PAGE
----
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11 tips for putting the boat to bed

It’s July as I write this for the October issue. The season is just getting into full swing, yet I’m contemplating its finish. Writing about putting the boat to bed is a sad but worthwhile topic. I’m not going to cover winterizing the engine; our decommissioning feature on Page 45 addresses that in detail. What I’ll concentrate on is the husbandry of the boat.

1. Let’s consider the interior. I hate mold and mildew and keep my boat well ventilated to discourage these … things. If you also detest mold, I encourage you to not oil your interior teak before storing the boat. I truly believe mold seems to feed off the oil. I like to use Sikkens’ Cetol Natural Light Sealer. Mildew and mold seem to leave it alone, and it’s light enough that it doesn’t conceal the wood’s grain. Clean the teak surfaces with TSP or some other product. When the surface is dry, apply the Cetol, or whatever you prefer, following the directions on the container.

2. I wash all fiberglass surfaces with a mild bleach solution. I do the same for food preparation surfaces. Use a metal polish on all stainless steel. Chrome-plated surfaces, such as the base of your VHF antenna, should be lightly coated with grease. I prefer Boeshield T9, a combination of solvents, lubricants and waxes that dries to a thin waxy film to protect metal. Winch grease or some other high-quality grease also will work.

3. All tanks should be emptied, including the holding tank. It’s important to have the holding tank pumped out because any waste left to dry will take on the consistency of concrete, and you won’t be able to dissolve it next season. This can trap waste and lead to a smelly tank.

4. Make sure all your water lines are clear. You can blow the water out with compressed air, or pour several gallons of non-toxic antifreeze into your now empty water tank. Turn on all faucets and open the sink drains, then run the freshwater pump until antifreeze flows from the faucets. Turn the faucets off. All feed lines from water tank to faucet have been flushed with antifreeze. The drain lines from your sinks to your holding tank also have been flushed.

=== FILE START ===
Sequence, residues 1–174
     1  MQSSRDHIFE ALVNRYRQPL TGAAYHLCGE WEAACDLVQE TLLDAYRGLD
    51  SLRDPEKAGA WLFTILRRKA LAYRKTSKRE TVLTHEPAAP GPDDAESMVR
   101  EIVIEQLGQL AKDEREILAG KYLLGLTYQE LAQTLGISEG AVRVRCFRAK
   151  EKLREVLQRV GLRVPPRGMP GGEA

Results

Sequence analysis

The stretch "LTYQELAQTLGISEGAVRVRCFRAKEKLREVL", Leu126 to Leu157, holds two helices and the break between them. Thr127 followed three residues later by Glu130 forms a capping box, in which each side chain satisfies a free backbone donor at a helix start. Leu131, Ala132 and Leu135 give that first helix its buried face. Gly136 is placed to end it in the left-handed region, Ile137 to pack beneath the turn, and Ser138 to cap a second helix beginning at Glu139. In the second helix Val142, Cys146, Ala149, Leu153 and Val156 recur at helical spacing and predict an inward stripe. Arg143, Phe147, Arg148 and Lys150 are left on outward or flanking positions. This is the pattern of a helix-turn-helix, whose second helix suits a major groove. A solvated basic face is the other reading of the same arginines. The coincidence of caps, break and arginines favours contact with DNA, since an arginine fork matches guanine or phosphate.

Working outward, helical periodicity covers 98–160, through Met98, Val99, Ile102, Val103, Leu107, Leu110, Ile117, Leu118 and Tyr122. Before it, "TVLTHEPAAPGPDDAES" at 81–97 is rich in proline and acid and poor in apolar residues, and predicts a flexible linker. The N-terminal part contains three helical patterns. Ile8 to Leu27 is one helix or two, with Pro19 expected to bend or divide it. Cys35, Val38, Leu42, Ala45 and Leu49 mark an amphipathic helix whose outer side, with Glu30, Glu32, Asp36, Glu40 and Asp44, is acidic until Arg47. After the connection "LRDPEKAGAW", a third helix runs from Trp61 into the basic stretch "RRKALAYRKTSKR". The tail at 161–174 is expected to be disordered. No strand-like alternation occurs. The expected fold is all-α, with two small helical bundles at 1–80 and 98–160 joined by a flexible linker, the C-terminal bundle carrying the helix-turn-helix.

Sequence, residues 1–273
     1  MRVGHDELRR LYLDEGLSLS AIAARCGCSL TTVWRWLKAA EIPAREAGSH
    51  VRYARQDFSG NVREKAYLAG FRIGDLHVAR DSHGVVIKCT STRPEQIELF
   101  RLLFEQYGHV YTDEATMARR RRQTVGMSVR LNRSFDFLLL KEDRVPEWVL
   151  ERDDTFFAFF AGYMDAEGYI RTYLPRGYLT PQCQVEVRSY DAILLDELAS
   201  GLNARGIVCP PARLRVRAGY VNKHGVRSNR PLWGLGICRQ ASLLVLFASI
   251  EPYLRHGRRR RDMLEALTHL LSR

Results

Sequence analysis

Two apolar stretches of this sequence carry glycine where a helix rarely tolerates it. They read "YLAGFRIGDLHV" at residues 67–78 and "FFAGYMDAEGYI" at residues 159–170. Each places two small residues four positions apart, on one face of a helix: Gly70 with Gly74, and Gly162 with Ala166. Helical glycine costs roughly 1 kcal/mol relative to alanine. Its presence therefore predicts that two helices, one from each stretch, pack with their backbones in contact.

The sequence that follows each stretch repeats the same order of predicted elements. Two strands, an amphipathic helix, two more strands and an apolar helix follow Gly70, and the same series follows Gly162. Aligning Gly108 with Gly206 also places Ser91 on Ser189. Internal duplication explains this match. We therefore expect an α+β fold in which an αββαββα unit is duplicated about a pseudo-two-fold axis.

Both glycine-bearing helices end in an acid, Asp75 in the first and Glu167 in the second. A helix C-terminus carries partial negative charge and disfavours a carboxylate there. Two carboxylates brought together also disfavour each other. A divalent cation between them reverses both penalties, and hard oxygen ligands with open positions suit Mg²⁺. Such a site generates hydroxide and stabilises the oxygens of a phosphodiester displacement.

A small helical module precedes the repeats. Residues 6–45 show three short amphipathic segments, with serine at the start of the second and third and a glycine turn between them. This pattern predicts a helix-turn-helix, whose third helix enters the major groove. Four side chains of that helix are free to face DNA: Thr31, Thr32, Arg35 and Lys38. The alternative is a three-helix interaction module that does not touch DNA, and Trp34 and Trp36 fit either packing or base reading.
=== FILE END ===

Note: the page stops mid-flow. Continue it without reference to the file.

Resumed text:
5. The bilge should be dry and clean. Deck and cockpit scuppers should remain open, even after the boat is covered. Leave sole boards up, hatches cracked and ports open. Make sure all other deck openings, such as hawse pipes, are shut. If you have a sailboat make sure the hole in the deck or cabin top through which the mast is stepped is protected from moisture in case a leak develops in the cover.

6. Any leaks in the deck should be taken care of before a freeze sets in. Water will find its way into any opening — no matter how small — and will expand as it freezes, which can cause damage.

7. Shrink wrapping is becoming more popular every year. If you plan on having your boat shrink wrapped make sure there are several ventilation ports. One isn’t enough. Open hatches and ports will also encourage good circulation.

8. Power wash the bottom, and wash and wax the topsides (it makes spring chores easier). With multiseason anti-fouling, you can paint the bottom before putting the boat away for the winter. Bottom painting in the fall is a matter of personal preference, but remember, paint sales pick up in the spring.

9. Batteries should be removed and their charges properly maintained.

10. All soft goods — bedding, settee covers, sails — should be removed, repaired, cleaned and stored in a dry environment.

11. Kiss her goodnight, get the golf clubs, and head south … or break out the skis.